The Chief Strategy Officer (CSO) Summit is a unique event, featuring CSOs from top private, public, and voluntary sector organisations sharing their thoughts and most pressing concerns in today’s complex business world. The key insights and burning issues of today’s CSOs are highlighted in my review of the top ten conference themes below.
- Be nimble, but disciplined – Most companies recognise they need to adapt to survive by managing digital threats and exploiting digital opportunities. In this context, being nimble is essential, not optional. That said, resources in every organisation are limited, so areas of focus must be clearly defined and prioritised. Equally, brand strategies must sync up with corporate strategies. Axa’s CSO Parul Kaul outlined a data rich strategy enabling Axa to achieve its altruistic brand goal to become more than just a ‘grudge’ purchase’.
- Strategy is changing and evolving – Technological change creates demand for new strategies and approaches – it has never been more important to evaluate where a company fits within a fluid ecosystem of potential partners or disrupters. MasterCard’s approach is to collaborate explained Malin Berge. Working with partners like Wagamama to co-create service improvements, MasterCard is helping increase loyalty and overall spend which is mutually beneficial. Niccolo Polli of HSBC acknowledged they are still figuring out how to deal with the many Fintech threats eroding its market. Mergers and acquisitions are a key way business try to acquire new skills sets, but if issues like culture are not addressed such tactics will fail.
- Culture eats strategy for breakfast (said Peter Drucker apparently) – This concern kept coming up as a potent threat of the best crafted strategies. Culture can be fixed, but it needs to be treated as a strategic priority. Consultant, Dan Yolleck shared proven methods for transforming culture, a significant contributor to business growth if functional. Once addressed, it can become self-sustaining. Dan listed Costco, Disney Google, and Apple as exemplars.
- People skills are critical to success – Given that less than 10% of effectively formulated strategies are successfully implemented (Walter Kiechel, 1982), strategy execution is as important as strategy formulation. Strategists can’t afford to sit in an ivory tower. If they are to survive and help their organisations thrive, they need to be useful. That means getting out into the business, being helpful and building trust with key stakeholders. Go where the doors are open, achieve some early successes, and you will find your services in demand as did Laura Gutowski of Pret-a-Manager. Her experience was echoed by News UK’s Shannon Riley who sited listening as one of her top strategic skills.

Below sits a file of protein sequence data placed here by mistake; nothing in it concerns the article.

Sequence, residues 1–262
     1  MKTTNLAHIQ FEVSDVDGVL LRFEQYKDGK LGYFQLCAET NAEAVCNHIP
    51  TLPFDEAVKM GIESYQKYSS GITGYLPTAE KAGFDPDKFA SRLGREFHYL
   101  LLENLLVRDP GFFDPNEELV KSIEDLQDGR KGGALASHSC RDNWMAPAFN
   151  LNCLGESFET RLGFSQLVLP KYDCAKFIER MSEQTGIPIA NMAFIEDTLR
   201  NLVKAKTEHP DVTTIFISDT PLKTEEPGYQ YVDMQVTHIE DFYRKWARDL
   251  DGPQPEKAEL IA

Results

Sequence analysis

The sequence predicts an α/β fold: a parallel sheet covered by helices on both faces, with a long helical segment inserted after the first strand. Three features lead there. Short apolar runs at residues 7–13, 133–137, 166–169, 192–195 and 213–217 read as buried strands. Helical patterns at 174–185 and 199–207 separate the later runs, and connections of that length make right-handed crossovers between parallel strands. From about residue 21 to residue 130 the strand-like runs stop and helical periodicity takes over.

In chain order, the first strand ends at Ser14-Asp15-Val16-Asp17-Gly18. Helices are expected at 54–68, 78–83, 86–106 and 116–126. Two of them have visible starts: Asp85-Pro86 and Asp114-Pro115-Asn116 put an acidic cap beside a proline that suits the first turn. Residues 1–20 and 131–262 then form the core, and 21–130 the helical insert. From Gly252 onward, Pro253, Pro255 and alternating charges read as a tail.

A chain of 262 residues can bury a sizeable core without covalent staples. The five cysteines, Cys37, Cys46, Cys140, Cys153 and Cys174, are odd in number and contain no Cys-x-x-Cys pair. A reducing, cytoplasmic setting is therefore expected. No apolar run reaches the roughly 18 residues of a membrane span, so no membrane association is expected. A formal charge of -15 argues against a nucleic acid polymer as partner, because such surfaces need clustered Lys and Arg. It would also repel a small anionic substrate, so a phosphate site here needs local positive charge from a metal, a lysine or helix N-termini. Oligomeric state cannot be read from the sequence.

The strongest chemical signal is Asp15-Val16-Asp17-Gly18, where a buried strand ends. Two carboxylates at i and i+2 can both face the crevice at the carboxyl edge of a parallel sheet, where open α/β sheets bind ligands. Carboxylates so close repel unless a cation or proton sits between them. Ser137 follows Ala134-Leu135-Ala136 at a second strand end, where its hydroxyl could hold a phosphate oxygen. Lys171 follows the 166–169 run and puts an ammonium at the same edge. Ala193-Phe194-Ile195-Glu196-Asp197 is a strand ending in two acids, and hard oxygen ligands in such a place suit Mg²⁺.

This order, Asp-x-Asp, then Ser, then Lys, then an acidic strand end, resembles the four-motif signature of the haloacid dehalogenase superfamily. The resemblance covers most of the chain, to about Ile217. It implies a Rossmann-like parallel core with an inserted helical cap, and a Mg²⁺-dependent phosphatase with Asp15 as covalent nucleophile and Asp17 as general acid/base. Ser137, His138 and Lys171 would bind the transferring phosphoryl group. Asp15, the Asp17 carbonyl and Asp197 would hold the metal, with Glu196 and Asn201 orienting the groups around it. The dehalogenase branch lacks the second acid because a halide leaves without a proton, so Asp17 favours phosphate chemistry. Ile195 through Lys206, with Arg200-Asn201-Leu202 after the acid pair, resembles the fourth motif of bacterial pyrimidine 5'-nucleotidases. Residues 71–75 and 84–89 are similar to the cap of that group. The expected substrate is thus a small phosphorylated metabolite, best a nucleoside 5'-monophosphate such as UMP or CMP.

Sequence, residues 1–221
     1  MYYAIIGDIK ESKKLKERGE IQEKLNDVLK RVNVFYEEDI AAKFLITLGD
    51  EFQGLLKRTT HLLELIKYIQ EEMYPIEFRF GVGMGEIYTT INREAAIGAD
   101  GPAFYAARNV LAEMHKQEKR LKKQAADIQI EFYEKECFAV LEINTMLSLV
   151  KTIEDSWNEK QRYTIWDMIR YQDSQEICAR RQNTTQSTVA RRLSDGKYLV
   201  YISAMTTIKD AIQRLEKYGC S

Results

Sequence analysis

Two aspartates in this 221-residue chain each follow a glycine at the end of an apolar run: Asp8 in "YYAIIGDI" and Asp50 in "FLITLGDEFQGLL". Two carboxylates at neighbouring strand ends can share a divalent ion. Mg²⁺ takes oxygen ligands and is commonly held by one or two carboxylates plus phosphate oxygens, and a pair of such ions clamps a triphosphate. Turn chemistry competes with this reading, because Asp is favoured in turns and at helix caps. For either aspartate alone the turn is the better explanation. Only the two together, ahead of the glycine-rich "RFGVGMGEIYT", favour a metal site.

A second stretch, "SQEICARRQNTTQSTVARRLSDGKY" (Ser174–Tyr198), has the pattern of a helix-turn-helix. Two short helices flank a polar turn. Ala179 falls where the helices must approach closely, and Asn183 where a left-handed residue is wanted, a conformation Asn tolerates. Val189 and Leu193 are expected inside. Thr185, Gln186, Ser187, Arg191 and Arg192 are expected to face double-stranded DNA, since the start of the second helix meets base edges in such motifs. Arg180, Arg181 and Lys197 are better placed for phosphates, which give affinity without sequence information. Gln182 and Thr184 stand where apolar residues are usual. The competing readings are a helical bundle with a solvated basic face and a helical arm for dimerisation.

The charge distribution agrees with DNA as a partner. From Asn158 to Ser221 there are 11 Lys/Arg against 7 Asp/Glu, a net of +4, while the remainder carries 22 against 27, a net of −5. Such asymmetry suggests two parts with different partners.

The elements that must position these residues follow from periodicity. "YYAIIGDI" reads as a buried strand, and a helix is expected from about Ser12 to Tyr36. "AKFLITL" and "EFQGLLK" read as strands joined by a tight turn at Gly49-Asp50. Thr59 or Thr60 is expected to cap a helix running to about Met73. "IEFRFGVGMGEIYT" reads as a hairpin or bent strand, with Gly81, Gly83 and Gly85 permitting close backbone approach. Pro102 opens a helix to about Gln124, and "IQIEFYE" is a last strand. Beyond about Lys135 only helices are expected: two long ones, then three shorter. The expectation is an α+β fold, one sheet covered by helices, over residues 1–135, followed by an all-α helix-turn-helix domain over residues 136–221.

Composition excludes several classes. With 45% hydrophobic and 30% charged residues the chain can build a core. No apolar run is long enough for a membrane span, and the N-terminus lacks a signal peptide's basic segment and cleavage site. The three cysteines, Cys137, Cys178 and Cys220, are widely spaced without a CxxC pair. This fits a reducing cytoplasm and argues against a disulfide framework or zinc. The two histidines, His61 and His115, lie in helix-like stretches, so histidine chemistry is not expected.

- Strategy should manage but not own innovation – The relationship between strategy and innovation is critical. EE’s Guillaume Sampic believes regardless of who delivers innovation in an organisation, the adoption process need to be aligned with strategy. Why limit innovation to a single individual when the whole organisation can be involved in improving it?
- Strategy can be frugal – In mission driven organisations, it can be hard to focus, according to Teach First’s Samantha Butters. Katherine Crisp, Unicef UK’s CSO gained inspiration from developing world approaches outlined in Frugal Innovation (doing more with less) to create their five-year strategy. She drew on heavily on a collaborative internal processes to craft the plan for this lean organisation with noble ambitions.
- Partnerships are pivotal – Shazam’s Iain Dendle explained their strategy is to build a base of satisfied users, making them one of the most downloaded apps in the world, then monetise their service through partnerships. For other industries like aviation, partnerships can take years to yield benefits, but they are increasing as a means of building scale.
- Different skill sets are needed in start-ups vs corporates – The size, maturity and structure of an organisation will definitely impact on your role and locus of influence. Regardless of size, strategists need to work closely with CEOs to ensure harmonisation and alignment. While targets may be set by the centre, local markets have plenty of scope for autonomy and creativity according to Vodafone’s Group CSO Vishal Dixit. Smaller organisations definitely need strategists to work closely with implementers and ensure feedback loops send signals back into the business.
- Strategists must be good story tellers – A key requirement for strategists today is to create and share a coherent simple story that colleagues can easily understand and articulate to others. Visuals and brevity help articulate strategy making strong communications skills an essential ingredient in the strategists’ toolset.
- Strategists will not be replaced by machines – Although artificial intelligence is on the rise and machines are becoming smarter, according to Liana Dinghile of Seigel and Gale, they will not replace us due to their inherent lack of creativity. Whilst they may help us synthesise vast amounts of data, at least, for now, they still need us to tell them what to do.
With all this great intelligence being shared, the two-day event flew by. By the end, it felt like a small peer community was emerging. Certainly, the commonalities outweighed the differences of what organisations large and small, public or private are addressing through strategy.